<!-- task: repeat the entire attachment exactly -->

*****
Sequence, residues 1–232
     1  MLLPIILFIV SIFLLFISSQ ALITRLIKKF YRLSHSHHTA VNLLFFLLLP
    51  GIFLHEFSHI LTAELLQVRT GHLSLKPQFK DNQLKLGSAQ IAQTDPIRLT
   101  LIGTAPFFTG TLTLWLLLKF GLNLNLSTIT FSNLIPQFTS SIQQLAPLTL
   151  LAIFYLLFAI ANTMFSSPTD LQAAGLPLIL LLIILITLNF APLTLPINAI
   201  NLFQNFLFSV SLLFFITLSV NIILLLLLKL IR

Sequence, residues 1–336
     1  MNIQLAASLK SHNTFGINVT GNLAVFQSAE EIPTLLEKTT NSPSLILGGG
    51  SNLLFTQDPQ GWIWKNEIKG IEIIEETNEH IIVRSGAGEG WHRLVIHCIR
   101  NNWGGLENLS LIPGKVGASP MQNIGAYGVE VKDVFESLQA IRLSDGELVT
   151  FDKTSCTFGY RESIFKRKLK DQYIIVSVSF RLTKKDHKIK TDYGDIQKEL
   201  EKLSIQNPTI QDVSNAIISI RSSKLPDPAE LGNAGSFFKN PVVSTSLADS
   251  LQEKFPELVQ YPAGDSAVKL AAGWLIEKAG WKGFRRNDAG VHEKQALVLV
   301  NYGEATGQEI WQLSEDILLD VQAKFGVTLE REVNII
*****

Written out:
Sequence, residues 1–232
     1  MLLPIILFIV SIFLLFISSQ ALITRLIKKF YRLSHSHHTA VNLLFFLLLP
    51  GIFLHEFSHI LTAELLQVRT GHLSLKPQFK DNQLKLGSAQ IAQTDPIRLT
   101  LIGTAPFFTG TLTLWLLLKF GLNLNLSTIT FSNLIPQFTS SIQQLAPLTL
   151  LAIFYLLFAI ANTMFSSPTD LQAAGLPLIL LLIILITLNF APLTLPINAI
   201  NLFQNFLFSV SLLFFITLSV NIILLLLLKL IR

Sequence, residues 1–336
     1  MNIQLAASLK SHNTFGINVT GNLAVFQSAE EIPTLLEKTT NSPSLILGGG
    51  SNLLFTQDPQ GWIWKNEIKG IEIIEETNEH IIVRSGAGEG WHRLVIHCIR
   101  NNWGGLENLS LIPGKVGASP MQNIGAYGVE VKDVFESLQA IRLSDGELVT
   151  FDKTSCTFGY RESIFKRKLK DQYIIVSVSF RLTKKDHKIK TDYGDIQKEL
   201  EKLSIQNPTI QDVSNAIISI RSSKLPDPAE LGNAGSFFKN PVVSTSLADS
   251  LQEKFPELVQ YPAGDSAVKL AAGWLIEKAG WKGFRRNDAG VHEKQALVLV
   301  NYGEATGQEI WQLSEDILLD VQAKFGVTLE REVNII